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DOL Issues Major Change to Intermittent FFCRA Leave for Parents of Children Enrolled in Hybrid and Rotating Education Programs

Published in the September, 2020 PELRAS Scoop Articles


Published on: Mon 28th Sep, 2020 By: Campbell Durrant, P.C.

With the start of the new school year and the U.S. Department of Labor’s (“DOL”) recent updates to regulations and Frequently Asked Questions (“FAQs”) about leaves under the Families First Coronavirus Response Act (“FFCRA”), many employers in Pennsylvania have questions about intermittent leave requests from parents whose children attend schools using an alternating day or hybrid online and in-person instructional model.

The original FFCRA regulations clearly stated that intermittent leave due to a school closing is permitted only when the employer and employee both agree. This fact was stated in both the regulations and the FAQs which, while they do not carry the force of law, do provide guidance from the DOL, the agency which enforces the law’s provisions. See 29 C.F.R. § 826.50(a). In fact, on September 11, 2020, the DOL announced revised regulations reaffirming that an employer must agree to an employee’s intermittent use of EPSLA and EFMLA leave, and that absent an employer’s agreement, employees not are not entitled to take intermittent FFCRA leave.

However, the DOL recently did an about-face on this issue as it relates to an employee’s leave to care for children who are enrolled in an alternating day or hybrid in-person and online education program. Effective as of last week, the DOL has concluded that the use of EPSLA and EFMLEA leave on days when students are required to participate in alternating or hybrid instruction are not considered “intermittent” and therefore do not require employer consent. In the revised regulations, the DOL states that FFCRA leave taken in full-day increments (or even a half-day or other increments if that is the model the school has selected) is not considered “intermittent” leave and does not require employer permission.

The DOL reasons that for “the purposes of the FFCRA, each day of school closure constitutes a separate reason for FFCRA leave that ends when the school opens the next day. The employee may take leave due to a school closure until that qualifying reason ends (i.e., the school opens the next day), and then take leave again when a new qualifying reason arises (i.e., school closes again the day after that). Under the FFCRA, intermittent leave is not needed because the school literally closes . . . and opens repeatedly.”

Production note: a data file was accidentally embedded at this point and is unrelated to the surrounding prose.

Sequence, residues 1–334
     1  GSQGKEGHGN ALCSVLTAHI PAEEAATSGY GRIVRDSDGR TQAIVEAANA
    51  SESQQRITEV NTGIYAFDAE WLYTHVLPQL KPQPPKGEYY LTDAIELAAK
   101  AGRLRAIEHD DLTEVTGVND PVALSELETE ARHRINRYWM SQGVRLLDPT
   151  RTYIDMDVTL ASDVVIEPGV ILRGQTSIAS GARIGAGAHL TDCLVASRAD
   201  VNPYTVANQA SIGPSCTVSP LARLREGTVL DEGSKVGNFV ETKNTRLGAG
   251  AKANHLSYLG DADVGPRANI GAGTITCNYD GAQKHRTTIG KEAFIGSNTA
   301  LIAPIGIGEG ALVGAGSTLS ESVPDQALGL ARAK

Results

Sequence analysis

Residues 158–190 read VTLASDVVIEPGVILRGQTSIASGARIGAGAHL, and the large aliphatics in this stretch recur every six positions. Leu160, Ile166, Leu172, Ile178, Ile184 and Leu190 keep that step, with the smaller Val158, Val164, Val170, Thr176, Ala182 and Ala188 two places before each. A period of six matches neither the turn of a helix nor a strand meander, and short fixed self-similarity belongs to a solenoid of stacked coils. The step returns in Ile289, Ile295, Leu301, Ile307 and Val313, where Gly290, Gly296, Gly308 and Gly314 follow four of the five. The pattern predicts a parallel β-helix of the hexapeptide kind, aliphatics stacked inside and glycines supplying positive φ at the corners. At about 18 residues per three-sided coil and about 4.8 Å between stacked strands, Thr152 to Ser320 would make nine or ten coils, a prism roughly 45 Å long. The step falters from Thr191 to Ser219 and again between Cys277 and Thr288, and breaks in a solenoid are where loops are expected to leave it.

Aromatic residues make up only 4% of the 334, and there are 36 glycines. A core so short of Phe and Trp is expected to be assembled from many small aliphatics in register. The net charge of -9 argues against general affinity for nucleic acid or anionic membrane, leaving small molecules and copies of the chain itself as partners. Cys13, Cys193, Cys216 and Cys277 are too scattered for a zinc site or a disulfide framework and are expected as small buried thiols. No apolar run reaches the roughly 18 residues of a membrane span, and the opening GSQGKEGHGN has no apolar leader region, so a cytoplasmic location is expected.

Note that the DOL distinguishes this schedule “…from the scenario where the school is closed for some period, and the employee wishes to take leave only for certain portions of that period for reasons other than the school’s in-person instruction schedule. Under these circumstances, the employee’s FFCRA leave is intermittent and would require his or her employer’s agreement.”

Functionally, DOL’s new guidance on FFCRA leave for parents caring for children enrolled in an alternating day or hybrid in-person and online education program means that these leaves are not really “intermittent,” under the FFCRA. This means that an employer’s agreement is no longer required for an employee to be entitled to take leave on alternating days or when their children are subject to a hybrid learning model. While these changes undoubtedly reduce one of the challenges faced by parents with children enrolled in schools utilizing these types of programs, they will likely also intensify staffing challenges for employers by requiring coverage for employees who take leave on a non-continuous basis to care for their children whose school is “closed” due to an alternating day or hybrid learning model.